We now have clarity about Julio Jones on a few fronts.

First and foremost, Jones is now a Titan after the Falcons traded him to Tennessee on Sunday. We also seem to have a bit of clarity of how that process played out behind the scenes. In Albert Breer’s MMQB, Breer takes readers behind the curtain with a look at how the Jones trade talks played out. Per Breer, the very public revelation that Jones was indeed on his way out of Atlanta was not meant for public consumption.

• When the trade request went in, the Falcons honored the ultra-private Jones’s desire to remain quiet about his bid to get out of town. That’s why, when Jones’s being on the block bubbled to the surface before the draft, that part of the story wasn’t out there.

• Along those lines, I have it on good authority that Jones had no clue that he was on national TV when he said to FS1’s Shannon Sharpe, “I’m outta there” two weeks ago, which led to his trade request becoming public.

This has been a hotly debated question in sports media circles since it happened. Our poll showed readers were pretty split on the matter.

Fox PR entirely ducked any inquiries. Shannon Sharpe, or someone on the FS1 social team, tweeted out the clip, seemingly at peace with the ethics of the call.

Front Office Sports reported that the call had become “a strain on the billion-dollar relationship between Fox Sports and the NFL”. Many highlighted the potential illegality of the call, given that it originated in California, a state that requires two-party consent for recording a phone conversation.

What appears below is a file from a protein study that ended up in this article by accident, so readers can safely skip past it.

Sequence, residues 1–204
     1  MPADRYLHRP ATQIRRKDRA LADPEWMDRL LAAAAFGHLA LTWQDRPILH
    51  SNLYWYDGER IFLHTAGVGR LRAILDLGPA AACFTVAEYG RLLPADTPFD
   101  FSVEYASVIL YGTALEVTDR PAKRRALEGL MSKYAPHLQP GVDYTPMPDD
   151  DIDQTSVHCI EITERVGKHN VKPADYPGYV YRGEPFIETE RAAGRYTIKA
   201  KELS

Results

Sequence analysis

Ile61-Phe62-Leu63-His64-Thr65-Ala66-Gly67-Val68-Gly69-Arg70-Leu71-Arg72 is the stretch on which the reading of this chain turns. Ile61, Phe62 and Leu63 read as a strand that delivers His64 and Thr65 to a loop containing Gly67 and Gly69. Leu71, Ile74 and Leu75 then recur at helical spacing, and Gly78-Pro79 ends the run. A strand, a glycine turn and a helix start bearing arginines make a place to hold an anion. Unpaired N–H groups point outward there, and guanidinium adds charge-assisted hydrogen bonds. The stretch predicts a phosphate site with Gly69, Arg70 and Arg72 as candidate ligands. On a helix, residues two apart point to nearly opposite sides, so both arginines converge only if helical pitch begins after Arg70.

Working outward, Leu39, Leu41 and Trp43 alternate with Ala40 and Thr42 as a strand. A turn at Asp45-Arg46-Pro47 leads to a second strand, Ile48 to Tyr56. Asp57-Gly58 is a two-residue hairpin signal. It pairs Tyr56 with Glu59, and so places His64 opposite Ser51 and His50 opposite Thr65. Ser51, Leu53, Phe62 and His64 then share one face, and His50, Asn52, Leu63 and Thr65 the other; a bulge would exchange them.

With Jones now out of Atlanta, it will be interesting to see if this all fades away. Jones has to be quite happy with how this turned out, regardless if his confidence was betrayed by Sharpe. Fox absolutely loved how much the call was covered by other outlets and has refused to address the specifics of the call.

Perhaps the Falcons and the NFL feel the situation needs to be addressed. However, it seems unlikely much of that will spill out into public view, especially since all parties have been tight-lipped on the matter.

If Fox does avoid any substantive backlash from the league and the Falcons, it’s hard to see the network shying away from similar tactics and stunts going forward. For a network and show that struggles to make more noise than ESPN, the infamous call absolutely dominated the news two weeks ago. This seems like an instance where Fox decided it was easier to ask forgiveness than it is to get permission, and it seems like they were right.

About Ben Koo

Owner and editor of @AwfulAnnouncing. Recovering Silicon Valley startup guy. Fan of Buckeyes, A's, dogs, naps, tacos. and the old AOL dialup sounds